Louise Bourgeois
The Nest, 1994

The Nest is one of the earliest and most complex of the spider sculptures that Bourgeois created between 1994 and 1997. It blends sculpture with drawing through its ingenious use of legs as both sculptural objects and lines in space. Bourgeois repeatedly explored the spider, her self-selected totem figure, because of its power to intermingle two- and three-dimensional relationships. “What is a drawing?” asks Bourgeois. “It is a secretion, like a thread in a spider’s web . . . . It is a knitting, a spiral, a spider web, a significant organization of space.”

The spider first appeared in Bourgeois’ drawings of the 1930s and 1940s, but it wasn’t until sixty years later that she adopted it as the subject of her sculpture. She has mused, “Spider: the mother cuts the spider’s web . . . . The friend (spider; why spider?). Because my best friend was my mother, and she was . . . (as) clever, patient and neat as a spider; she could also defend herself.” The mother figure in this sculpture nurtures and protects her brood while exuding a threatening presence. The spider may also be a self-portrait of the artist in her intertwined roles as mother and daughter, and as creator of works that are both seductive and menacing.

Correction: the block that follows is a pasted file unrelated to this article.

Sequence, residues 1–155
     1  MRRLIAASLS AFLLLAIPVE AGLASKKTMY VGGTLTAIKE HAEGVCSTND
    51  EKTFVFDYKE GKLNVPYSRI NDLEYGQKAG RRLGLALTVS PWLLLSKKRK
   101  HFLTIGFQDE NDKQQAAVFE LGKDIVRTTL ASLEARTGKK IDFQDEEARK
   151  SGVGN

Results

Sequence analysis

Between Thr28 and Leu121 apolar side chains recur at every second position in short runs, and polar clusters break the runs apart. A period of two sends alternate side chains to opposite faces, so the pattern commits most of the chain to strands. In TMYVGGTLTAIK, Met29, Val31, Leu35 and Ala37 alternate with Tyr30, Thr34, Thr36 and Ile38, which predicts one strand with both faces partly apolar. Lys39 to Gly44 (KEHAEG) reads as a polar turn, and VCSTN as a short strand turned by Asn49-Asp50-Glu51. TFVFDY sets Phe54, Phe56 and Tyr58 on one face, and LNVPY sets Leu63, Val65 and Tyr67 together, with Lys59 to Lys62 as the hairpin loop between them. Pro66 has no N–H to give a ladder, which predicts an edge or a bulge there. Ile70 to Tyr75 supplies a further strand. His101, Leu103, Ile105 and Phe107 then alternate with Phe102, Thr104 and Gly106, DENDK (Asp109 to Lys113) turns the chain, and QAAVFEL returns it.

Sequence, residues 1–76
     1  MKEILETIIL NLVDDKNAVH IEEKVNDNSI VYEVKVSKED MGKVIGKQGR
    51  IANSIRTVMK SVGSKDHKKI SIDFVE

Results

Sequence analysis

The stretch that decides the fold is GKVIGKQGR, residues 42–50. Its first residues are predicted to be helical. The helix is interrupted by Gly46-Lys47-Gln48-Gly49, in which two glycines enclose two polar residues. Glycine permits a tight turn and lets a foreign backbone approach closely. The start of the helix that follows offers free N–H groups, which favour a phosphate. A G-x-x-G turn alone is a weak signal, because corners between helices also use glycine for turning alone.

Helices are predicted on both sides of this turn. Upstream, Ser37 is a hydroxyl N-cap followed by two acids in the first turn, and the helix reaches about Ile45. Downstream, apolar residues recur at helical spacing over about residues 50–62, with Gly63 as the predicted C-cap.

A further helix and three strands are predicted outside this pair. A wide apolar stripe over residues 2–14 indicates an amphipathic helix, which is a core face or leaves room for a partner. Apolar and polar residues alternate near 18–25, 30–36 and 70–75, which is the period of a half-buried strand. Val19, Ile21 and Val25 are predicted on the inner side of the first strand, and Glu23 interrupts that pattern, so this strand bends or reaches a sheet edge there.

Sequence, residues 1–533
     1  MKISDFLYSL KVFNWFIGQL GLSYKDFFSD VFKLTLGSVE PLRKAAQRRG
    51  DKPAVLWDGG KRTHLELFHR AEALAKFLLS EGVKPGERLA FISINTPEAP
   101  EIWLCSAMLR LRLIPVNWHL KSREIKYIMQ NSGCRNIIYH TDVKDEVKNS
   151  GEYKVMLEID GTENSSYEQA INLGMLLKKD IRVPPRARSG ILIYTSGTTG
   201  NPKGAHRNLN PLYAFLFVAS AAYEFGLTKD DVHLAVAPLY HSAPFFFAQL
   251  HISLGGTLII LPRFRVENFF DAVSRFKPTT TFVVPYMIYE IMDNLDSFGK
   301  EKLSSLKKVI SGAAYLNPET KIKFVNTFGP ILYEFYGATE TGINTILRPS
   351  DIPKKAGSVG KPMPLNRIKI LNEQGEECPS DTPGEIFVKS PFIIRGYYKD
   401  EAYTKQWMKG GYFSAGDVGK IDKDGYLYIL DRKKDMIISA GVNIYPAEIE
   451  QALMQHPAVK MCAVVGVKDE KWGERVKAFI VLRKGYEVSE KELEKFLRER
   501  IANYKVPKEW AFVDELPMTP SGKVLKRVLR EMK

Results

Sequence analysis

Artwork Info

Artwork title
The Nest
Artist name
Louise Bourgeois
Date created
1994
Classification
sculpture
Medium
steel
Dimensions
101 in. x 189 in. x 158 in. (256.54 cm x 480.06 cm x 401.32 cm)
Date Acquired
1998
Credit
Collection SFMOMA
Purchase through the Agnes E. Meyer and Elise S. Haas Fund and the gifts of Doris and Donald Fisher, Helen and Charles Schwab, and Vicki and Kent Logan
Copyright
© The Easton Foundation/Licensed by VAGA at ARS, New York, NY
Permanent URL
https://www.sfmoma.org/artwork/98.193.A-E
Artwork Status
Not on view at this time.

Throughout her long career, sculptor Louise Bourgeois was known for haunting, biomorphic forms that communicated themes from her inner life and family history.

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